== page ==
strickt and peculiar manner, which will make them the more jealous of our loue and obedience. Soe he tells the people of Israell, you onely-have I knowne of all the families of the Earthe, therefore will I punishe you for your Transgressions. 2ly, because the Lord will be sanctified in them that come neare him. We know that there were many that corrupted the service of the Lord ; some setting upp altars before his owne ; others offering both strange fire and strange sacrifices allsoe ; yet there came noe fire from heaven, or other sudden judgement upon them, as did upon Nadab and Abihu, whoe yet wee may think did not sinne presumptuously. 3ly When God gives a speciall commission he lookes to have it strictly observed in every article, When he gave Saule a commission to destroy Amaleck, Hee indented with him upon certain articles, and because hee failed in one of the least, and that upon a faire pretense, it lost him the kingdom, which should have beene his reward, if hee had observed his commission. Thus stands the cause betweene God and us. entered into Covenant with Him for this worke. Wee haue taken out a commission. The Lord hath given us leave to drawe our own articles. Wee haue professed to enterprise these and those accounts, upon these and those ends. Wee have hereupon besought Him of favour and blessing. Now if the Lord shạll please to heare us, and bring us in peace to the place we desire, then hath hee ratified this covenant and sealed our Commission, and will expect a strict performance of the articles contained in it
; but if wee shall neglect the observation of these articles which are the ends wee have propounded, and, dissembling with our God, shall fall to embrace this present world and prosecute our carnall intentions, seeking greate things for ourselves and our posterity, the Lord will surely breake out in wrathe against us ; be revenged of such a [sinful] people and make us knowe the price of the breache of such a covenant.
Now the onely way to avoyde this shipwracke, and to provide for our posterity, is to followe the counsell of Micah, to doe justly, to love mercy, to walk humbly with our God. For this end, wee must be knitt together, in this worke, as
Wee must entertaine each other in brotherly
affection. Wee must be willing to abridge ourselves of our superfluities, for the supply of other's necessities. Wee must uphold a familiar commerce together in all meekeness, gentlenes, patience and liberality. Wee must delight in eache other ; make other's conditions our oune ; rejoice together, mourne together, labour and suffer together, allwayes haueving before our eyes our commission and community in the worke, as members of the same body. Soe shall wee keepe the unitie of the spirit in the bond of peace. The Lord will be our God, and delight to dwell among us, as his oune people, and will command a blessing upon us in all our wayes. Soe that wee shall see much more of his wisdome, power, goodness and truthe, than formerly wee haue been acquainted with. Wee shall finde that the God of Israell is among us, when ten of us shall be able to resist a thousand of our enemies ; when hee shall make us a prayse and glory that men shall say of succeeding plantations, “the Lord make it likely that of New England.” For wee must consider that wee shall be as a citty upon a hill. The eies of all people are uppon us. Soe that if wee shall deale falsely with our God in this worke wee haue undertaken, and soe cause him to withdrawe his present help from us, wee shall be made a story and a by-word through the world. Wee shall open the mouthes of enemies to speake evill of the wayes of God, and all professors for God's sake. Wee shall shame the faces of many of God's worthy servants, and cause theire prayers to be turned into curses upon us till wee be consumed out of the good land whither wee are a goeing.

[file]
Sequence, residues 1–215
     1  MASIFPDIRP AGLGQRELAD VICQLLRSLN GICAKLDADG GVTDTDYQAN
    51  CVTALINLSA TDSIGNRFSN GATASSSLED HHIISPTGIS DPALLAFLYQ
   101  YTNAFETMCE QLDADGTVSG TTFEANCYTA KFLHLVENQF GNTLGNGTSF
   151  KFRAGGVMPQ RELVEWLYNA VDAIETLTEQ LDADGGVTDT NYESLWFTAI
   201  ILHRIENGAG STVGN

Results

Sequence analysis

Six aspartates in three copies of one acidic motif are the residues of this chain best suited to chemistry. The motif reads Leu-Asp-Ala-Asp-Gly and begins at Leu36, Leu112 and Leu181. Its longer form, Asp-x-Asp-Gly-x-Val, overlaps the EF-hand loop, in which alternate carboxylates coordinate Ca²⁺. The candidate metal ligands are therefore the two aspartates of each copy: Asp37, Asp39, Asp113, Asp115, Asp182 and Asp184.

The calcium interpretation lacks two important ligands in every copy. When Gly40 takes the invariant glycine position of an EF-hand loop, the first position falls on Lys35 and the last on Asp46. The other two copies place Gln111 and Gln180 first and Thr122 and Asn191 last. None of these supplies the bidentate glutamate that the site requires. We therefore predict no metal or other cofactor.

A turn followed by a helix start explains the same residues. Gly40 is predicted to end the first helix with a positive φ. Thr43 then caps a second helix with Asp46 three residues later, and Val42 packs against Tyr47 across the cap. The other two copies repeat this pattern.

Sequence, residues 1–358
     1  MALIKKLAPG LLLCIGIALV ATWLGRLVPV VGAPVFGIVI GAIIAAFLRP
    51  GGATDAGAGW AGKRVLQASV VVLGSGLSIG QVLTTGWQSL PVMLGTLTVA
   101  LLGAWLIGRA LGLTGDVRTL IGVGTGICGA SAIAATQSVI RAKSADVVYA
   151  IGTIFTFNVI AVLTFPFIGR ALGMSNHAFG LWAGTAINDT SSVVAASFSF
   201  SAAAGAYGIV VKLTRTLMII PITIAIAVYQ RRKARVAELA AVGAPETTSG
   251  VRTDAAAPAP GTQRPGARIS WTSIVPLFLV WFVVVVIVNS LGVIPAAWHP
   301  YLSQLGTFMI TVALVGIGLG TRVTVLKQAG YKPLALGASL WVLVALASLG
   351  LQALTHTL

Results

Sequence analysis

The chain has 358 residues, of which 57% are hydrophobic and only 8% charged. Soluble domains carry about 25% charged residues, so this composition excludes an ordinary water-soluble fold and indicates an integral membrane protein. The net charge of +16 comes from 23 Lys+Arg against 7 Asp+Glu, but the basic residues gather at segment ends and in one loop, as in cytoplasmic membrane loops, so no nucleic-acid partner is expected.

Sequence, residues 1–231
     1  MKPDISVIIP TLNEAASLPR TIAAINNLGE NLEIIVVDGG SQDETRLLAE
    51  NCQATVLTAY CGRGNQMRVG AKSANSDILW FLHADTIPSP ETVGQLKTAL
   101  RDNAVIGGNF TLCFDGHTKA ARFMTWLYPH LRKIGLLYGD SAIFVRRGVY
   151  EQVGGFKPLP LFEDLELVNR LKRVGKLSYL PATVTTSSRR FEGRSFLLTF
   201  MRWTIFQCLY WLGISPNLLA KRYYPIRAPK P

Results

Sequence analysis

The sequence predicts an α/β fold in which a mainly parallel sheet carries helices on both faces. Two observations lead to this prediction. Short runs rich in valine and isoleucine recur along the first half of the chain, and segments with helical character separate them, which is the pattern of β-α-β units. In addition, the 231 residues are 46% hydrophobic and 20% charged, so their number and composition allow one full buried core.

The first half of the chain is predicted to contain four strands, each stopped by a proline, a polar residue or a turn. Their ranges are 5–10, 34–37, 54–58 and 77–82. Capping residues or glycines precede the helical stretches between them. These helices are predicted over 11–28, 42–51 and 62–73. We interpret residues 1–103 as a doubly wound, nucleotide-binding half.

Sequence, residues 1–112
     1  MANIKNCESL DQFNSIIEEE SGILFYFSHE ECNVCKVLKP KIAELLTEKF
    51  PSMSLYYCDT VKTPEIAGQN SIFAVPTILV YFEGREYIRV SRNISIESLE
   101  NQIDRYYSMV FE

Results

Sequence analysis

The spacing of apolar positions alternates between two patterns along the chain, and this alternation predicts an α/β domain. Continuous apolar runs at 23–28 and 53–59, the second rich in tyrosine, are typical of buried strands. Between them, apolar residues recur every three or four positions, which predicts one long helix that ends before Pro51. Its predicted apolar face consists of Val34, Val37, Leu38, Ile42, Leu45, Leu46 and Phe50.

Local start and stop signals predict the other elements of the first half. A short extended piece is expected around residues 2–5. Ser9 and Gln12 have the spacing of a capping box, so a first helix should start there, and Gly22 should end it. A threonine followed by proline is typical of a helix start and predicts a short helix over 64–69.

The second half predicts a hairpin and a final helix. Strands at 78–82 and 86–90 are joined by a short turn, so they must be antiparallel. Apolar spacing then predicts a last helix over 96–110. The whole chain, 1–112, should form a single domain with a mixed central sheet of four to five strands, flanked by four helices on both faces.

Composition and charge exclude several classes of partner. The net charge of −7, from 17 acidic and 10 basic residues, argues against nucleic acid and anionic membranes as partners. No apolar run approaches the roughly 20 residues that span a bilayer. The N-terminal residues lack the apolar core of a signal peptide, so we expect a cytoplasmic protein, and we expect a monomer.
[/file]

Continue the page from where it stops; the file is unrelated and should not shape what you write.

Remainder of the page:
I shall shutt upp this discourse with that exhortation of Moses, that faithfull servant of the Lord, in his last farewell to Israell, Deut. 30. Beloued there is now sett before us life and good, Death and evill, in that wee are commanded this day to loue the Lord our God, and to loue one another, to walke in his wayes and to keepe his Commandements and his Ordinance and his lawes, and the articles of our Covenant with him, that wee may live and be multiplied, and that the Lord our God may blesse us in the land whither wee goe to possesse it. But if our heartes shall turne away, sce that wee will not obey, but shall be seduced, and worshipp and serue other Gods, our pleasure and proffitts, and serue them ; it is
propounded unto us this day, wee shall surely perishe out of The good land whither wee passe over this vast sea to possesse it ;
Therefore lett us choose life
that wee, and our seede may liue, by obeyeing His voyce and cleaveing to Him, for Hee is our life and
POST OFFICE DEPARTMENT.
[It is well known, that little has been systematically published on the past history of the Post Office department in our country.--Such a subject might be individually and interestingly handled from its small be. ginnings to its present expanded and important relations.—To aid in preserving materials for the accomplishment of this subject,—the publishing Committee have prepared the ensuing article.—Most of the extracts and documents, which they here quote, are derived from the Massachusetts Archives.]
Under General Court Records. 5th, 9 mo. 1639. “For preventing the miscarriage of letters,— It is ordered that notice bee given, that Richard Fairbanks his house in Boston is the place appointed for all letters, which are brought from beyond the seas, or are to be sent thither;are to bee brought unto him and he is to take care, that they bee delivered, or sent according to their directions, and hee is alowed for every such letter ld. and must answer all miscarriages through his owne neglect in this kind ; provided that no man shall bee compelled to bring his letters thither except hee please."